Luscombe Silvaire

Another oldie but goodie is a classic metal-covered aircraft built by various companies from 1946 to 1960: the Luscombe Silvaire. What makes them look so retro is that they are metal covered rather than fabric covered (though some early models had fabric-covered wings). Only the models 8A and 8B qualify for sport-pilot operation.

If you decide that one of these classic birds is for you, make sure it meets the weight limit for LSAs. Because the weight of a Silvaire is very near the class limit, if someone upgraded the plane with additional instruments you might find that it’s too heavy to qualify.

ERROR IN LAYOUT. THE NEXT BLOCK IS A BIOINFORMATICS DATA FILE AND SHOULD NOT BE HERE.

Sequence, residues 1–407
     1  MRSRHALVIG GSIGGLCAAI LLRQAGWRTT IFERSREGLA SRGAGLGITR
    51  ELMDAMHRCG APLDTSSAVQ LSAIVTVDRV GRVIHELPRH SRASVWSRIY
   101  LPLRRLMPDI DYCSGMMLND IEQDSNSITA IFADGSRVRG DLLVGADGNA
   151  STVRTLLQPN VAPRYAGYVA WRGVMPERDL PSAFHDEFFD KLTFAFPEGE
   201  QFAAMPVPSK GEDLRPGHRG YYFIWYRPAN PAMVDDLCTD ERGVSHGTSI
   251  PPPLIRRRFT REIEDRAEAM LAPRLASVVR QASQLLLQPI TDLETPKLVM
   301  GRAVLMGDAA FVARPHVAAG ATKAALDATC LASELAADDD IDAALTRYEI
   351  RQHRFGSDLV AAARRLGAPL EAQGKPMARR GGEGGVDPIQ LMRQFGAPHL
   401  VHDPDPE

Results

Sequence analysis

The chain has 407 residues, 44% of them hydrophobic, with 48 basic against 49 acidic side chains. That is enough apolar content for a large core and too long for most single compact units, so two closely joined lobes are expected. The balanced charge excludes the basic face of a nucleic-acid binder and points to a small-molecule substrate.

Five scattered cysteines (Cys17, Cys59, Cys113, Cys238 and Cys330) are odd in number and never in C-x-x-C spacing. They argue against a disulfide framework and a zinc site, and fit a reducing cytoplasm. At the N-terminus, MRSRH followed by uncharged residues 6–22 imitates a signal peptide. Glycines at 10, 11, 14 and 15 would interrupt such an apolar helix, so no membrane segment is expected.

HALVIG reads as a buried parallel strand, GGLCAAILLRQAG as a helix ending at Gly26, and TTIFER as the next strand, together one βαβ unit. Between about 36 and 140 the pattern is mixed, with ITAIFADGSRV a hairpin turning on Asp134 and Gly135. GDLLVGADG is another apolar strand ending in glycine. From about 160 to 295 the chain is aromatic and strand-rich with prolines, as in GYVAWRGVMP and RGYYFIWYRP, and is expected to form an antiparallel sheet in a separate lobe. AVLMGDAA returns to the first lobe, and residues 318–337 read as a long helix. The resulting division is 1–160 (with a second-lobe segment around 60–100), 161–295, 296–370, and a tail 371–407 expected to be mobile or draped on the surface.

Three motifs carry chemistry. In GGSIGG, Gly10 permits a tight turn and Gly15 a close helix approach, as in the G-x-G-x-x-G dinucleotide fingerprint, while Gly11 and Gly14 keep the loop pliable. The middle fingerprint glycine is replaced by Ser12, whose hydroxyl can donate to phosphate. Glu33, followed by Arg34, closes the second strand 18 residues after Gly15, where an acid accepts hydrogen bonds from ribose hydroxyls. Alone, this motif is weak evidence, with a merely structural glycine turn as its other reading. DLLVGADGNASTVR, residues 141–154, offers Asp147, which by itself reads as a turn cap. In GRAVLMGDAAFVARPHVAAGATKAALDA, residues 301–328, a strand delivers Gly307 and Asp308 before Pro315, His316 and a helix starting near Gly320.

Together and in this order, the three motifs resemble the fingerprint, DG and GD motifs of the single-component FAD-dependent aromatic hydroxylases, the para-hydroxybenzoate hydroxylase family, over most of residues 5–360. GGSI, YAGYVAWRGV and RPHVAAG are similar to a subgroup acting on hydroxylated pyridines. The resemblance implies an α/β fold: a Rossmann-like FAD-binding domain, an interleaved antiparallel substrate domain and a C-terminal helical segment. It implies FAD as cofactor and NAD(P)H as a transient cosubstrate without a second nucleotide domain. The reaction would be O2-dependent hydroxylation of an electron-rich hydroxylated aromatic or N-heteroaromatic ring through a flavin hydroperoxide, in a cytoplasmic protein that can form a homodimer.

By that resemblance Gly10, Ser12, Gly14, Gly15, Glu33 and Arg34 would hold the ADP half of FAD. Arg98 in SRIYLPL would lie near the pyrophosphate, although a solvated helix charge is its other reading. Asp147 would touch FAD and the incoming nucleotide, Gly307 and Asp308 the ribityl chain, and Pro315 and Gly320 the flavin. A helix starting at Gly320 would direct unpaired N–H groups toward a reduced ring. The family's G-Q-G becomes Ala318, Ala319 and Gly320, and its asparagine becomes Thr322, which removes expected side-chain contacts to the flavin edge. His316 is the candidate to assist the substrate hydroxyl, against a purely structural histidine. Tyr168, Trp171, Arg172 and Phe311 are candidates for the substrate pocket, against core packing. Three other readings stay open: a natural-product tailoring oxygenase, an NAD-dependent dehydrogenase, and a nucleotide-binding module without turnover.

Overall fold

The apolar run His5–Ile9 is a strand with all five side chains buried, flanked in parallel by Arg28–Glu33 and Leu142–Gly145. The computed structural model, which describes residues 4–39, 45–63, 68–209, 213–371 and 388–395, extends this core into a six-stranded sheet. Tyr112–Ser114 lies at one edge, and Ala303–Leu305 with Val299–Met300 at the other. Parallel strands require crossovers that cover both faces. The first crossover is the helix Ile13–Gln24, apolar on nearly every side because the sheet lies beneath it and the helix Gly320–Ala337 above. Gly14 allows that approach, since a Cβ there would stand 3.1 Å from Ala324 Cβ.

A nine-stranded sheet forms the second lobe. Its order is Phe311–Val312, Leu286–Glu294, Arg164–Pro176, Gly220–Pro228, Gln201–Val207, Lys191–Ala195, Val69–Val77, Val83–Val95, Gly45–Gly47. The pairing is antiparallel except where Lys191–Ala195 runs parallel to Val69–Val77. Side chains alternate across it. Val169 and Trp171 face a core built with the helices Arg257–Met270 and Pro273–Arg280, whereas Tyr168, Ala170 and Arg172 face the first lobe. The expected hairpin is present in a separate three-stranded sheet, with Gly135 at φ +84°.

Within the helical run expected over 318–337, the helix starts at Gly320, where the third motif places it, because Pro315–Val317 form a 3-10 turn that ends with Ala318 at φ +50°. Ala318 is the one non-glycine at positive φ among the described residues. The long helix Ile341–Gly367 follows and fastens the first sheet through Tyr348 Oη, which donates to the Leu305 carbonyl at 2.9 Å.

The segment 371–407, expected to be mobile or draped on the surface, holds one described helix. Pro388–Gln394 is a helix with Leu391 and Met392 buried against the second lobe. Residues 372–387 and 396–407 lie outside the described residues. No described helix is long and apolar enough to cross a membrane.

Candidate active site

Number of Take-Offs Equals Number of Landings (Hopefully)
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There are many other older aircraft that qualify for sport-pilot operation. Cruise speed typically isn’t what makes them ineligible, it’s usually their gross weight. Fortunately, you can check a plane’s certification records to determine the gross weight.

Stall Warning!

These standard-certified airplanes must be certified to not exceed sport-pilot limitations. You cannot simply take the back seat out of an over-the-weight-limit plane to fly it within the weight limit.

"Man cannot discover new oceans unless he has the courage to lose sight of the shore."
-- Andre Gide

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